Otto-Ernst Remer Sentenced to 22 Months Imprisonment for Revisionist Publications
A German court has sentenced Otto-Ernst Remer, an 80-year-old retired army general, to 22 months imprisonment for publishing articles disputing wartime mass killings at Auschwitz in gas chambers.
On October 22, 1992, a criminal court in Schweinfurt found Remer guilty of “popular incitement” and “incitement to racial hatred” because of allegedly anti-Jewish statements published in five issues of his widely circulated tabloid paper, Remer Depesche.
Comparing the defendant to Mephisto in Goethe’s Faust, the state prosecuting attorney contended that the purpose of the Remer Depesche is to promote Nazi ideology. The prosecutor also spoke of Remer’s “crude insult against millions of victims,” and insisted that the Holocaust extermination story is an “obvious historical fact” that does not need to be proved in court.
The judges apparently agreed. The incorrigible defendant’s previous convictions on this same charge should have been a warning to him, the court declared. Adding to his guilt, the judges said, is the fact that copies of his paper were distributed to many households and schools, and even in foreign countries. (Because of his outspokenness, the Bonn government had already taken away the defendant’s pension.)
Defense Evidence Rejected
The tall, slim octogenarian defendant let his two attorneys — Dr. Herbert Schaller and Hajo Herrmann — speak for him during the course of the two-day trial. During the Second World War, Dr. Schaller served as a highly decorated officer on the eastern front. Herrmann was one of Germany’s most successful wartime fighter pilots and air force commanders.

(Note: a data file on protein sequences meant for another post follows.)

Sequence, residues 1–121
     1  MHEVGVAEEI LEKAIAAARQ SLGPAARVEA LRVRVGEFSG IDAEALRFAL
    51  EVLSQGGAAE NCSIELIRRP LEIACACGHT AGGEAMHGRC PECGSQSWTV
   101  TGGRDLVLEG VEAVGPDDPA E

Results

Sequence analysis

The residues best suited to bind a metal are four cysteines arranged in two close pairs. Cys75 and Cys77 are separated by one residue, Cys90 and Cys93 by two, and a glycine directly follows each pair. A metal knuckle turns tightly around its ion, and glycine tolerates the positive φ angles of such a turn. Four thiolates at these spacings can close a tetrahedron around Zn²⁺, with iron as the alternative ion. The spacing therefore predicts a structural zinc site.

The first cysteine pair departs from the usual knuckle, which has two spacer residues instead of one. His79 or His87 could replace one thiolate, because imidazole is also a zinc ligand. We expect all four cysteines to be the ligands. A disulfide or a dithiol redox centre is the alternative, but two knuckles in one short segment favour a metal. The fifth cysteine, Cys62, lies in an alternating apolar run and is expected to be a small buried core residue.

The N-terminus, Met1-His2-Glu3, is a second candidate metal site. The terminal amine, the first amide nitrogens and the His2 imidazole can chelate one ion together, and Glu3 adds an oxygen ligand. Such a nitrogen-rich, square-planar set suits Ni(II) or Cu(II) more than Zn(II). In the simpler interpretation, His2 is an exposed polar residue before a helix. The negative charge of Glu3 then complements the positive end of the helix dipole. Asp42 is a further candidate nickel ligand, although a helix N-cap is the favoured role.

Remer’s publications are not hateful or anti-Jewish, argued the defense attorneys, but are instead meant to defend the German people against the charge of collective responsibility for mass murder of Jews. In fact, they pointed out, the Remer Depesche is published by the J. G. Burg Society, named after a Jewish survivor of wartime persecution who testified on behalf of Ernst Zündel in the 1988 Toronto “Holocaust trial.”
The Holocaust extermination story is not at all “obvious,” the attorneys said, and cited public opinion polls in several countries to show that an international debate exists on precisely this issue. The postwar “confession” of Auschwitz commandant Rudolf Höss, which is widely cited as proof of mass gassings, is worthless, said the attorneys, because it was obtained by torture. They also cited the existence of brothels, concerts and medical treatment for inmates in the wartime concentration camps.
To show that the allegedly criminal statements made in the Remer Depesche are justifiable, the defense attorneys prepared 34 exhibits, including a report by German engineer Germar Rudolf on his on-site forensic examination of the alleged extermination gas chambers at Auschwitz, Allied aerial reconnaissance photographs taken in 1944 of the camp complex, as well as several witnesses. The judges refused to consider any of this evidence.